5 Forgotten Men’s Hairstyles We Want to See Come Back
Men’s hairstyles come, go, and come back again.
In recent years, we’ve seen previously retired styles like undercuts, mullets, and mustaches re-emerge and gain popularity. It got us thinking — if the mullet could make a comeback, what other dismissed hairstyles could return to the mainstream soon?
Below are 5 outdated or less popular hairstyles that we think would be pretty cool to see make a comeback.
NATURAL SCISSOR CUTSEmbed from Getty Images
Listen — mustaches have come back in a big way, particularly the chevron mustache style. Seriously, stepping into a bar in East Austin feels like stepping into a time machine that takes you directly to 1986. Now, if the mustache can come back, so can the natural flowing scissor cuts of the 1980s, like the one Tom Selleck rocked in Magnum P.I.
Natural scissor cuts are best for guys with a thick head of hair, and it definitely helps if you have some waviness or curls to work with. The real beauty of this cut is that it can (and should) be shaped to frame your face. Your barber or stylist can help you achieve that. This style says, “I’m a little wild and devilish, but in a good way.” It’s a masculine cut but with the right touch of softness.
As for maintenance, just hit it with a few sprays of Sea Salt Spray to enhance those waves and let it air dry (ideally with the top down in a 1978 Ferrari 308 GTS).
There are three lasting impressions of the flattop haircut:
- George Jones
- Me, Myself & Irene
- Kid N Play
These three impressions are at odds with each other — one representing a long-gone era of country music, one achieving a level of coolness most of us will never remotely touch, and one landing somewhere in the middle. We’ll let you determine which is which.
Like the mullet, the flattop haircut has lent itself to meaning different things to different people, making it a prime candidate for a comeback hairstyle.
If you like the feel of a fade but are tired of the same side parts and quiffs, give the flattop a shot.
We like seeing the flattop paired with a full beard instead a smooth face. Adding the beard reframes this style and makes it feel modern. Or, even better, make it a flattop mullet like Greg (pictured in the header image).
The ducktail hairstyle requires all the hair on the sides to be long enough to be slicked back around the ears and parted centrally down the back of the head. It’s synonymous with oily pompadours, greasers, and rockabilly music and pairs perfectly with a carefully sculpted pompadour.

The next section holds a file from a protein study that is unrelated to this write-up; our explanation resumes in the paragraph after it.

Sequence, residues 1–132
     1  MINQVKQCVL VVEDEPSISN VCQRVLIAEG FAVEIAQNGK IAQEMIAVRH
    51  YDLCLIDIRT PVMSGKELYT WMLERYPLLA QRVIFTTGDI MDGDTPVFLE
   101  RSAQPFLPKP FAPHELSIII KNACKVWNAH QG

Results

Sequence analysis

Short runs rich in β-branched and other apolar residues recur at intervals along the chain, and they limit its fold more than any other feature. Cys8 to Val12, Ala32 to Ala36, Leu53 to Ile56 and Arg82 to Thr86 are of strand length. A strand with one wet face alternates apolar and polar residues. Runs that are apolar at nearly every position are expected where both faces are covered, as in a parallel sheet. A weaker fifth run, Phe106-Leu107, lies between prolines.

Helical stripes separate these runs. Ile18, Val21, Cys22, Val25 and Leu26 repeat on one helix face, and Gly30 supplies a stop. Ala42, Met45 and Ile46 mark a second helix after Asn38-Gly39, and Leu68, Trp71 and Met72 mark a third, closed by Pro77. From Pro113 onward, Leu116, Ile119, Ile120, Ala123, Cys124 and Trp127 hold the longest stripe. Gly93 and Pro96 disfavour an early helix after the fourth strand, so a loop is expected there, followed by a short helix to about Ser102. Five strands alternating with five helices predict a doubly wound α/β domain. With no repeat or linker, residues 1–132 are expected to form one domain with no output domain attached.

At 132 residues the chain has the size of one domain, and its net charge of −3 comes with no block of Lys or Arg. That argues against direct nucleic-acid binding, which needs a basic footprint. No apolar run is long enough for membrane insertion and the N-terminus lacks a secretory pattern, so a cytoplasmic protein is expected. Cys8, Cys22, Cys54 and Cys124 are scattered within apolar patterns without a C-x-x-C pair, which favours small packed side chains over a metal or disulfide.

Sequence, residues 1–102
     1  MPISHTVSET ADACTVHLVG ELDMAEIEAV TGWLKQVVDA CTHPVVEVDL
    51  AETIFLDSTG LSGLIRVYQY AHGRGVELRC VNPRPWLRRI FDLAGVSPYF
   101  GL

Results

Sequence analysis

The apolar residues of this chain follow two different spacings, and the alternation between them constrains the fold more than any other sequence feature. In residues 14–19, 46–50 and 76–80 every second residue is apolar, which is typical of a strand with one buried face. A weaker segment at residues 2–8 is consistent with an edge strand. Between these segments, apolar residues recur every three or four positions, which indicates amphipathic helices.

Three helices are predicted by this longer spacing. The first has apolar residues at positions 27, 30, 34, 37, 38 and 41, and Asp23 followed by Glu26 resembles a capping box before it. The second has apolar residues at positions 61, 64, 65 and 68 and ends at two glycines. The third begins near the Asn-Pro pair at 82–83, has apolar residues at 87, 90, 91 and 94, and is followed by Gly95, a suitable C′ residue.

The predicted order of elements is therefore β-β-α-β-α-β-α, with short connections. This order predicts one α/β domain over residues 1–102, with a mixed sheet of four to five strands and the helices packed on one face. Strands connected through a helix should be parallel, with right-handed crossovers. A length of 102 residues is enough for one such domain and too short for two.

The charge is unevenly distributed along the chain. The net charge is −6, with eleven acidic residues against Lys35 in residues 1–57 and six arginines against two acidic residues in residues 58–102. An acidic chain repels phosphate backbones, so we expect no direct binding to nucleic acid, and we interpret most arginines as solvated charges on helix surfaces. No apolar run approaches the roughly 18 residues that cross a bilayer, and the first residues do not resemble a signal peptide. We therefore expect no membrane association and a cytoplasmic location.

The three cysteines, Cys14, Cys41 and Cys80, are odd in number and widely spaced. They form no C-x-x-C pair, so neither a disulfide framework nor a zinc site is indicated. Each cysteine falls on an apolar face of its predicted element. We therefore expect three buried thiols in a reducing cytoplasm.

These days, the pompadour is generally paired with a skin fade, so nobody really wears the ducktail anymore.
But that doesn’t mean it can’t come back to style. After all, we’ve seen the ability of Hollywood to render old, outdated hair relevant again. The perfect example is Brad Pitt in Fury. That Fury haircut caused an explosion of undercuts, and that style was suddenly everywhere despite not being worn since the 30s and 40s. And hey, Austin Butler recently played Elvis in the Elvis biopic, meaning don’t be surprised if you start seeing more ducktails around.
The ducktail probably works best with a stubble beard or sideburns, but that’s not to say you can’t rock it with a mustache or full beard. After all, this style is all about going against the grain, so have fun with it.
Oh yeah, what’s the best part about having a ducktail? It’s an excuse to pull a sweet Beardbrand Pocket Comb out of your pocket to touch up your quaff throughout the day.
THE SHAGEmbed from Getty Images
Jim Morrison, Mick Jagger, and Rod Stewart made the shag one of the most popular haircuts of the 1960s and 1970s. Then it gave way to the mullet in the 1980s. Now, we’re going in reverse, with the popularity of mullets giving rise to a little bit of a shag resurgence.
Break away from the clean lines and straight-edge styles and let your hair get some flow and movement.
Layers and texture are critical for the shag, so you’ll want to leave this in the hand of someone who is a whizz with shears. Check out Instagram to find barbers and stylists near you who are familiar with the shag.
As for facial hair, we like the shag paired with a mustache for a vintage look, but a shorter beard also works well.
THE VICTORIAN MIDDLE PARTEmbed from Getty Images
Before side parts, dudes in the 19th century often opted to part their hair down the center (or slightly off-center). They used heavy oil pomades that matted their hair to their heads and made the waves in their hair look like the sea after an oil spill. It feels like nobody has worn their hair in this way in close to 100 years.
Recently, we’ve seen the 1990s middle-part curtains style come surging back. So, who’s to say that a shorter, heavy-pomaded middle part can’t come back either?
The challenge is that this type of middle part is so tied to a specific era — when even men's casual attire was formal. It’s so much so that the middle part looks out of place when you aren’t wearing a suit. But maybe that is what also makes it so appealing — well, that and the fact that the victorian middle part pairs so well with any facial hair.
If you find yourself a little on the eclectic side and prefer to dress up more than you dress down, maybe you can help bring the middle part back.
Need help finding the perfect hairstyle for you? Text "STYLE" to 512-879-3297 for free, ongoing personalized style consultations.
Keep on Growing.
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